The Best Shows to See in the US This June

These are the shows currently on our radar, from the group show addressing the concept of tradition at KADIST, to a selection of work spanning Yoko Ono to Félix González-Torrez, curated by Alfredo Jaar, at Galerie Lelong

BY frieze in Critic's Guides , Exhibition Reviews , US Reviews | 27 MAY 22

‘Frequencies of Tradition’

KADIST, San Francisco

2 April – 16 July 2022

Lieko Shiga, Rasen Kaigan, 2009-2012, Photographs in chromogenic color print, size variable. Courtesy of the Artist
Lieko Shiga, Rasen Kaigan, 2009–2012, photographs in chromogenic color print, dimensions variable. Courtesy: the artist and KADIST

As a concept that coheres around a set of material relics and intangible customs, tradition offers a wealth of possibilities for the artistic imagination: that which is handed down from generation to generation can often also hold up a mirror to reflect keenly on current times. Yet, tradition can equally become a trap: a narrow lens through which artistic practices – especially those outside of the Western canon – are interpreted; or even, at times, exploited by the artists themselves as a facile device for self-exoticization. Curated by Hyunjin Kim, ‘Frequencies of Tradition’ is a group show – previously presented at the Guangdong Times Museum, Guangzhou, and Incheon Art Platform, and now making its stateside debut at KADIST – that addresses precisely such manifold yet ambivalent positions within contemporary art regarding the concept of tradition in East Asia through the work of 12 artists. – Harry C. H. Choi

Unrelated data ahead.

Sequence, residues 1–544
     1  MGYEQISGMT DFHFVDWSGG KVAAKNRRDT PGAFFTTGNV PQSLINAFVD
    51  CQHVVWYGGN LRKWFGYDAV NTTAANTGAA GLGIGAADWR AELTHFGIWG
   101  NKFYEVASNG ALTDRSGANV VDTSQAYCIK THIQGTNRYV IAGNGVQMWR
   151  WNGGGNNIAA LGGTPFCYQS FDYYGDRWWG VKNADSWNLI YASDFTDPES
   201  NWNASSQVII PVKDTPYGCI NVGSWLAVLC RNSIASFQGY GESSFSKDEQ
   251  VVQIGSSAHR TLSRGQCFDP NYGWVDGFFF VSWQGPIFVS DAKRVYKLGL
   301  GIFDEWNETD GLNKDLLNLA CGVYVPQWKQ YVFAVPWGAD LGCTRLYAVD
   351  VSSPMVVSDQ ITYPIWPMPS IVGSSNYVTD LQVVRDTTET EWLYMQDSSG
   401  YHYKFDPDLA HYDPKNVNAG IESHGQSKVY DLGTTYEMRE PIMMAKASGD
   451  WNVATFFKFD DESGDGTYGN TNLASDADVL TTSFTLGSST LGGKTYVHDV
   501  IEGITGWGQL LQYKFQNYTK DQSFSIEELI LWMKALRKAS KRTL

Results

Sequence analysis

Alfredo Jaar

Galerie Lelong

13 May – 25 June 2022

Alfredo Jaar What Need is There to Weep Over Parts of Life? The Whole of it Calls for Tears, 2018 Neon Dimensions variable Photo © Maki Ochoa
Alfredo Jaar, What Need is There to Weep Over Parts of Life? The Whole of it Calls for Tears, 2018, neon, dimensions variable. Courtesy: the artist and Galerie Lelong & Co; photograph: Maki Ochoa

Jaar himself contributes a single work here: an unpunctuated, barely spaced spread of red-neon letters that quotes the philosopher Seneca’s famous words: ‘WHAT NEED IS THERE TO WEEP OVER PARTS OF LIFE? THE WHOLE OF IT CALLS FOR TEARS.’ Yeah, about that: the real event here is a dense, wall-to-wall group show that Jaar has curated in a side gallery, featuring work made in response to different repressive forces. You’ll find documentary images of Yoko Ono’s performance Cut Piece (1964) cheek by jowl with Nancy Spero’s War drawings, and documentation of David Hammons’s Blizz-aard Ball Sale (1983) in conversation with a delicate slipper of crocheted copper wire by Marisa Merz, and a Félix González-Torrez double pile of wrapped Bazooka bubblegum subtitled Welcome Back Heroes (1991), across from Art Worker’s Coalition’s image of the atrocities committed by US soldiers during the My Lai Massacre of 1968 in Q: And Babies? A: And babies (1970). – Travis Diehl

Gideon Appah

Institute of Contemporary Art Virginia Commonwealth University

19 February – 19 June 2022


Gideon Appah, Roxy 2, 2020-21. Oil and acrylic on canvas. Photo Adam Reich